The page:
• The Lone Ranger: In the 1956 film, a mob is lynching Tonto and has gone so far as to hoist him up via the noose, but the Ranger severs the rope with a bullet and rides by on Silver, rescuing his friend.
  • Lust in the Dust: When a lynch mob tries to hang Abel, Big Ed shoots the rope, allowing him to escape.
  • Machete Kills. Our Made of Iron hero is hung by a redneck sheriff, but it doesn't kill him. The sheriff then gets a phone call, draws his pistol in an apparent attempt to finish off Machete, shoots the rope and hands him the phone. It's the President of the United States, offering a pardon for Machete.
  • The Mountie: When Grayling first meets Cleora, she is attempting to shoot the body of the mountain man down from a tree. Grayling takes the rifle off her and shoots through the rope with a single shot. Later, Cleora saves Grayling from being lynched by shooting the rope.
  • The Outlaw Josey Wales sends a posse for a "Missouri Boat Ride" by severing a ferry cable with a rifle shot.
  • A variant was used toward the end of Pirates of the Caribbean: The Curse of the Black Pearl: Will Turner throws his sword, not to cut the rope, but to give Jack a foothold so he doesn't drop far enough to die.
  • In Plunkett & Macleane, Plunkett does this to save Macleane from hanging in a Big Damn Heroes moment.
  • When Robin is about to hanged in The Prince of Thieves, Little John hides under the scaffold and cuts the rope with a dagger when Robin drops through the trapdoor.
  • In The Quick and the Dead, "The Lady" Ellen pulls this to save the Preacher from being hanged by his ex-colleagues. Then it's subverted in her flashback to when she was 8 years old: the Big Bad is about to hang her father, but tells her to shoot the rope, promising to release him if she manages to hit it. She hits her father instead.
  • In Quigley Down Under, Quigley sets off a dead fall trap on one of his pursuers by shooting a rope.
  • In Return of the Jedi, Han does shoot the tentacle trying to drag Lando into the Sarlacc's mouth on the first try while nearly blind. While his near-blindness at the time makes the accuracy quite implausible, the fact that it's a tentacle rather than a rope means severing it wasn't necessary; merely inflicting pain was enough to make it release its grip.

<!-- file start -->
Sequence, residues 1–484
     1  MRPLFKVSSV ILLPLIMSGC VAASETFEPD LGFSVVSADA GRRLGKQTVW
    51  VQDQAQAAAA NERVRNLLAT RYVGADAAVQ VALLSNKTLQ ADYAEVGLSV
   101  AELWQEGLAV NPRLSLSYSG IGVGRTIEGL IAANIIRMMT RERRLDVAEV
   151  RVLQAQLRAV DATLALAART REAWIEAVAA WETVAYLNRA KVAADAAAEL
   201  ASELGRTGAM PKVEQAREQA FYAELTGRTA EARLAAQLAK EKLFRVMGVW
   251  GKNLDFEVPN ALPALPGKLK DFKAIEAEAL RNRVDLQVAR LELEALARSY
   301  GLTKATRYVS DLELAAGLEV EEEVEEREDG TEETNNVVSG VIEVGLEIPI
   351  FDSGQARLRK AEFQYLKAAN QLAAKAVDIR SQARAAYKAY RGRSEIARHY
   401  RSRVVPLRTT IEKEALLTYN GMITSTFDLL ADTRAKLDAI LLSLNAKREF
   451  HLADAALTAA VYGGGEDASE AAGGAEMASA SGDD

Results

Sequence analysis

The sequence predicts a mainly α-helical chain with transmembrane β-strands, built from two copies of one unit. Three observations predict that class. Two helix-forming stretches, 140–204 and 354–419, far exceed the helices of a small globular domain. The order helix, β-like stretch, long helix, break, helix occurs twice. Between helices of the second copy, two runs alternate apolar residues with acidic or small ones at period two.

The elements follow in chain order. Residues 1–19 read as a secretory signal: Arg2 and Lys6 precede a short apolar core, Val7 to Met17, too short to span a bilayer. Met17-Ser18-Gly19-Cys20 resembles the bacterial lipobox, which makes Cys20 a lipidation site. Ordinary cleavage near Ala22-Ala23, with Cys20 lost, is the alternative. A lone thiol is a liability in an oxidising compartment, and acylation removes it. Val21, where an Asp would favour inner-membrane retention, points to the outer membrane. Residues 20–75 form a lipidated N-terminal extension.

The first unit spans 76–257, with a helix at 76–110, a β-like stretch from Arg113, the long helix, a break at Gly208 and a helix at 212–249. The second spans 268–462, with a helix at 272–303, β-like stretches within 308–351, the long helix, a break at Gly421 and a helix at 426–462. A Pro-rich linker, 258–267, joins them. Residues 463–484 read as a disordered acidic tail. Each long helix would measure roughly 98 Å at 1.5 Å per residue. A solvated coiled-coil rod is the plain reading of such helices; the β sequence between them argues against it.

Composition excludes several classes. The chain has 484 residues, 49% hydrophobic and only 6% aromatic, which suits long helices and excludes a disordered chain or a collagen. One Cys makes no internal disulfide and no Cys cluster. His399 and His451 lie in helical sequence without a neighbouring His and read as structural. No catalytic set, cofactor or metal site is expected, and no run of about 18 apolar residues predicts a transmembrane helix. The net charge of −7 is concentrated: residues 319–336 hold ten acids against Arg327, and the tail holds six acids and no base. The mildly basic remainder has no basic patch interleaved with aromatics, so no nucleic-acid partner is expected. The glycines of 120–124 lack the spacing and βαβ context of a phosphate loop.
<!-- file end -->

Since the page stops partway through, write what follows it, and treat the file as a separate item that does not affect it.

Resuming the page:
• Robin Hood: Men in Tights also has this (when someone comments on the improbable shot, the shooter admits he was really aiming for the hangman). This may have been a parody of a similar scene in Robin Hood: Prince of Thieves.
  • Not exactly a hangman's noose, but Mal does shoot the rope that connects a harpoon in Jayne's leg to a Reaver vehicle in Serenity. It only worked on the third try, though, and was Played for Laughs with Jayne thinking that Mal was going to shoot him so the Reavers wouldn't get their hands on him.
  • Done in Shanghai Noon by Chon's new wife.
  • During the ambush scene in She Shoots Straight, one of the heroines narrowly avoids getting hung after having her leg caught in a noose trap. Her brother, a police inspector, managed to snap the rope by shooting it.
  • Shoot 'Em Up. As Mr. Smith rappels down the center of a stairwell while simultaneously firing on the mooks running up the stairs, their leader Hertz fires a shot to cut his rope, sending Smith crashing to the floor where fortunately his impact is absorbed by the body of a mook he shot moments before. Earlier Smith had cut the umbilical cord of a newborn baby by shooting it as he was in the middle of a shootout. Then again using guns for Mundane Utility is something of a Running Gag in the film.
  • At one point in Teenage Mutant Ninja Turtles II: The Secret of the Ooze Leo, Mikey and Donnie walk into a trap, where they are caught in a net, dangling from a rope and hauled upwards. Shredder plans to drop them on top of some homemade spikes, but Splinter shoots the rope with an arrow, freeing the turtles before they can be moved above the spike trap.
  • In Terminator Salvation, a T-600 is strung up by a rope trap. After firing unsuccessfully at its targets, it points its gun up as if to shoot the rope... only to blast its own foot off instead.
  • Heather from Tremors saves her husband Burt from being dragged into a Graboid's mouth by shooting its tentacle repeatedly with a shotgun until it's severed.
  • Wild West Days: An extraordinary example of Improbable Aiming Skills. Larry is being dragged to his death by a horse. The hero, Kentucky Wade, sees this happening, and shoots through the rope with a rifle—from the next hill, at least a couple hundred yards away.

  • Waco does this to save the Apache scout Johnny No-Legs from being lynched by a wagon train in "A Rope for Johnny No-Legs" in Sagebrush Sleuth by J.T. Edson.
  • Firefly Big Damn Heroes has Jayne shooting a rope to save Mal, who’s being hanged by some angry Browncoats with a grudge. He misses the first shot and has to shoot again to get Mal loose.